Alarm bells ring for Palestine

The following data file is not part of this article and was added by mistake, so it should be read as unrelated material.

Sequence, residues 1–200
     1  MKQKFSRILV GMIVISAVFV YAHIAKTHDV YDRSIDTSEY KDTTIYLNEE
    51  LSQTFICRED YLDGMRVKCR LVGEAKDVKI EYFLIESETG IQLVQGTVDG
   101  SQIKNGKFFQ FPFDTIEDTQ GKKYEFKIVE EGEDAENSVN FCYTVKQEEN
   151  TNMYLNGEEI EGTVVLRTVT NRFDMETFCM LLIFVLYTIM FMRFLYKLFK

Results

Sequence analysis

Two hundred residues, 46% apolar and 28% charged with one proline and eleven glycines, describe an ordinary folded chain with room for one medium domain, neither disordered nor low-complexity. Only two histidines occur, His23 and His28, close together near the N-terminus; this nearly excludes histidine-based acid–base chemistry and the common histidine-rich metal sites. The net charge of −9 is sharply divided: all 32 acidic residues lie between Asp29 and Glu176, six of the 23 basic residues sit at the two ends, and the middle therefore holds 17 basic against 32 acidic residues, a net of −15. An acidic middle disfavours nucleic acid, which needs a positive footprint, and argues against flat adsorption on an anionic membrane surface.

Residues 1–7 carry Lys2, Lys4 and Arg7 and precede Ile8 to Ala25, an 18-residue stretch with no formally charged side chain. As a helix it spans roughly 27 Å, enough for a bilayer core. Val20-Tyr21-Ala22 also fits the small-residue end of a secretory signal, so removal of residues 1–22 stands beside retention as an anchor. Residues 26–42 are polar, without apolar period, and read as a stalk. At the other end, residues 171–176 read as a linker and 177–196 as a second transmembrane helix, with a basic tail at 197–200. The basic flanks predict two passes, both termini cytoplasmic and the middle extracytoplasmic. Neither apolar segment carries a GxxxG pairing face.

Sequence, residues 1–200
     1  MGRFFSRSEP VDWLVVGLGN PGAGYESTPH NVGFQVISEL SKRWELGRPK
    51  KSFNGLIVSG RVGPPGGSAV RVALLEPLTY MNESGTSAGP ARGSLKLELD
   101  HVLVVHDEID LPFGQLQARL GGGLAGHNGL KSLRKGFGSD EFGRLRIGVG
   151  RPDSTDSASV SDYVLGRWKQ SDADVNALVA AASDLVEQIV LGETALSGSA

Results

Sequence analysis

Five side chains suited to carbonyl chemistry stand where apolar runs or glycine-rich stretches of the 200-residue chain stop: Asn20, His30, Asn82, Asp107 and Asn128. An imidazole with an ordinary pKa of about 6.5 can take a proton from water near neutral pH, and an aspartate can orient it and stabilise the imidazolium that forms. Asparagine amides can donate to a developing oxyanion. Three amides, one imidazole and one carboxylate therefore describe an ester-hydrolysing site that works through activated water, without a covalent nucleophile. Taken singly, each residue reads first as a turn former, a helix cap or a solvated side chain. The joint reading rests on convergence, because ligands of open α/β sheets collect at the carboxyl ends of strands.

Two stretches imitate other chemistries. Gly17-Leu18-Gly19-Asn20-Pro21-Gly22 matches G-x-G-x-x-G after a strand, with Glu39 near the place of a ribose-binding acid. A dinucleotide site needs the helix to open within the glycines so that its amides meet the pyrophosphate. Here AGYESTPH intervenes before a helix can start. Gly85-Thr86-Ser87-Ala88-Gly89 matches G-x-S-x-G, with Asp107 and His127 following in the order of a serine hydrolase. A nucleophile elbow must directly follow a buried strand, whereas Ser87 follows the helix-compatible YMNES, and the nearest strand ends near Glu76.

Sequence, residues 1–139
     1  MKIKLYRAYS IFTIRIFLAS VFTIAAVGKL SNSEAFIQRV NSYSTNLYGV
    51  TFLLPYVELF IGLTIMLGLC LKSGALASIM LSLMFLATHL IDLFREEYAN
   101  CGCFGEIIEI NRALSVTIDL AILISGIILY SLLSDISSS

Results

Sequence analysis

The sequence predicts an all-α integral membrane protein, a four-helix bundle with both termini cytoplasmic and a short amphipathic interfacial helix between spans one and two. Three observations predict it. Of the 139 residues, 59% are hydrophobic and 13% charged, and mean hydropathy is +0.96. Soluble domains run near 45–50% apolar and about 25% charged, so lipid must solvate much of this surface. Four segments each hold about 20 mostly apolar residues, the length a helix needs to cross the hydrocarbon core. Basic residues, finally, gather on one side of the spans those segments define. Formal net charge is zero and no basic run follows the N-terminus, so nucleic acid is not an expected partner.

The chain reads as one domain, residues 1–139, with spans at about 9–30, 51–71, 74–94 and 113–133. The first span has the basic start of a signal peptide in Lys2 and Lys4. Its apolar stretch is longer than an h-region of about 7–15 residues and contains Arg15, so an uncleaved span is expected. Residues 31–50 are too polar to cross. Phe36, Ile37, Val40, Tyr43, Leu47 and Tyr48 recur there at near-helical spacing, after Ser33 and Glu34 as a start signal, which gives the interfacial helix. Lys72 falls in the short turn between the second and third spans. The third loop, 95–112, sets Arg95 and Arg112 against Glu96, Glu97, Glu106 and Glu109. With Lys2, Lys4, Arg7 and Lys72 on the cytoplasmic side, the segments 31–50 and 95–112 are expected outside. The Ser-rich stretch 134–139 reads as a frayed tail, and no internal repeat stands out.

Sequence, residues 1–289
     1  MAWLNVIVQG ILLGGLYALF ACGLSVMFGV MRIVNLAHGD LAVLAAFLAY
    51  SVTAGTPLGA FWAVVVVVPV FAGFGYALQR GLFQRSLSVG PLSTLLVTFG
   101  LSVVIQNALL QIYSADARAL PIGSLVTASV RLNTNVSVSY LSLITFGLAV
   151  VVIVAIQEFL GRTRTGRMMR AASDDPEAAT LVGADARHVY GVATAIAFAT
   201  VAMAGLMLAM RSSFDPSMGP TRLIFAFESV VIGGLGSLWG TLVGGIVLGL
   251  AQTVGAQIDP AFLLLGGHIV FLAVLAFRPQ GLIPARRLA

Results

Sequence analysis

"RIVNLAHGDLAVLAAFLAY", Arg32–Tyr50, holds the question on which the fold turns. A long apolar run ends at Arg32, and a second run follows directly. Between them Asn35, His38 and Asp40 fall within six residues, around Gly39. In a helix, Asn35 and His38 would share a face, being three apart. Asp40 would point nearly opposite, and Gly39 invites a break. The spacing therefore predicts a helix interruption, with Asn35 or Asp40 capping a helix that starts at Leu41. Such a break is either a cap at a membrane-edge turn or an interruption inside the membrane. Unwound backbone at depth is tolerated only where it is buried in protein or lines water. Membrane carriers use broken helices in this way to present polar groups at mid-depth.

Bush's March 17 declaration of war against Iraq was preceded by renewed mutterings about the Palestinian question. Bush and Blair are promising to publish the long-floated "road map to peace" in tandem with their 'shock and awe' invasion of Iraq. This vaunted plan is a corollary of Bush's Palestine speech last summer, where he demanded the ousting of Palestinian Authority president Yasser Arafat (denounced as "tainted by terrorism") as a precondition for American backing for any semblance of a Palestinian state. The Palestinian response to Bush's suggestion last year was entirely justified contempt for its imperial arrogance. Now, however, Arafat has sought to alter the appearance of his administration by appointing a prime minister to take over, at least formally, many of the functions that he himself has wielded ever since the Palestinian Authority was formed in the aftermath of the Oslo accords in the early 1990s - the haggling over the role and powers of the prime minister is still going on. Of course Arafat has very little real power in any case, particularly since Sharon's bloody re-occupation of much of the occupied territories over the past couple of years or so as a response to the outbreak of the Al-Aqsa intifada. However, over the whole preceding period, Arafat's regime had become discredited in view of its extreme corruption and its collaboration with Israeli repression of Palestinian dissent - in particular any effective protest against the continuing Israeli settlement of Palestinian land. Palestinian dissidents such as Edward W Said have pointed out that the seizing of land by settlers has actually speeded up under the supposedly autonomous Palestinian authority. The American hammering on about 'democracy' under Arafat is a cynical attempt to exploit something that the Clinton administration, and American ruling circles in a more general sense, were themselves instrumental in creating. Just as Saddam Hussein's regime, now the bête noire of the Anglo-American imperialists, was in fact sustained and encouraged - particularly in its torture and killing of communists and other fighters against oppression - when it was considered a useful ally by those now moving to overthrow it, so the dictatorial, corrupt nature of Arafat's regime was a function of its role as a collaborator with the US and Israel against its own people. One thing is for sure: any Palestinian state promoted by Bush, in the event that he was actually prepared to see it become a reality, would be equally corrupt and repressive. Any new arrangement would be determined not by the interests of the Palestinians, but rather those of US imperialism and its strategic alliance with Israel. In the context of the now-declared war against Iraq, however, it is not the manoeuvring around the 'road map' that it foremost in the minds of the Palestinians, whose territory and very lives have been ravaged by Sharon's murderous army and arrogant settlers. Rather, it is a very obvious fear of what Sharon may do under the cover of war itself. Everyone knows that decisive sections of the Israeli establishment, including Sharon himself and leading elements of the ruling Likud bloc, are fervent devotees of the idea of Eretz Yisrael - greater Israel. This concept, in fact, is inherent in the idea of Zionism itself: the whole of the territory of historic Palestine is claimed for the Jewish people. This ideological commitment is the driving force of the settlers, who for the entire period of the so-called peace process have continued to seize more and more Palestinian land - it is this, above anything else, that has fuelled the growth of despair, and thereby islamic fundamentalism and suicide bombings, among the Palestinians. The war against Iraq now provides this most openly racist and militarist Israeli government with the ideal opportunity, under cover of the nearby battle, to engage in mass expulsions of the Palestinian population, particularly from the West Bank. Indeed, as the war drums have beaten louder and louder over the past months, Israeli forces in the territories have engaged in bloodier and bloodier acts, and there has been an upsurge of shootings of demonstrators, assassinations, beatings, house demolitions - you name it. It is not clear, at this point, what the outcome of this situation will be, and whether the Israelis will take advantage - or rather be politically able to take advantage - of the situation engendered by Bush and Blair's war. It is public knowledge that at least some elements within or close to the Bush administration are actively in favour of the mass expulsion of Palestinian Arabs from the West Bank and Gaza. What is also known is that Bush - or rather the imperialist strategists that surround him - have plans to use the invasion and occupation of Iraq to engage in a major redrawing of the political map of the Middle East. Exactly where this leaves the Palestinians is an open question. From the point of view of the Blair government, however, any mass expulsion by Israel would be seen as the direct result of the deployment of British troops against Iraq: given the current mass sympathy for the Palestinians that is partly fuelling the anti-war movement, such a move could well, coming on top of the current massive government crisis over the war, be the final nail in Blair's coffin and the trigger for a decisive split in Labour. On the other hand, given the current Bush administration's antipathy for the recalcitrant French imperialists and more generally for 'old Europe', it is questionable how much weight such considerations would carry with Bush and co. In Israel and in the occupied territories, the possibility of a massive act of expulsion has given rise to great alarm, including among those Israeli individuals and organisations who stand for Palestinian rights. An 'Appeal to world public opinion from Palestinians under siege' has been issued by the Palestine Emergency Committees - a "coalition of NGOs, national organisations, charitable societies, professional unions, political parties, ministries and public figures operating through a coordinating office in Ramallah". It ominously warns: "Statements made over the last two months by both Israeli officials and media indicate what they are proposing, planning and preparing to do in the Palestinian occupied territories in case of war against Iraq. These statements could be meant as intimidation, deterrent or real threats. In view of our past and present experience we, the Palestinians, tend to see these as a threat endangering our very existence in this land of ours." Their appeal was issued in conjunction with a 'Statement of support' from a parallel Israeli Emergency Committee, noting that "the dangers posed to the Palestinian people in case of an American attack on Iraq are real and severe. Extreme rightwing elements in our political and military leaderships try to exploit the war situation in order to commit acts of 'transfer'." These appeals underline the possibilities and the dangers. As the most consistent democrats, socialists and communists should be a warning about this dreadful possibility. There is a threat of further catastrophe, a further 1948, for the Arab people of the territories - indeed some might say that this is the best chance that Sharon and the extreme right in Israel are likely to get - a barbaric prospect. We, on the other hand, stand for the right of self-determination of both peoples in the territory of historic Palestine, and concretely for the existence of two democratic and secular states. The anti-war movement must build whatever solidarity it is possible to deliver with the Palestinian people in these dark and dangerous days, as an integral part of our own struggle against imperialist war. Ian Donovan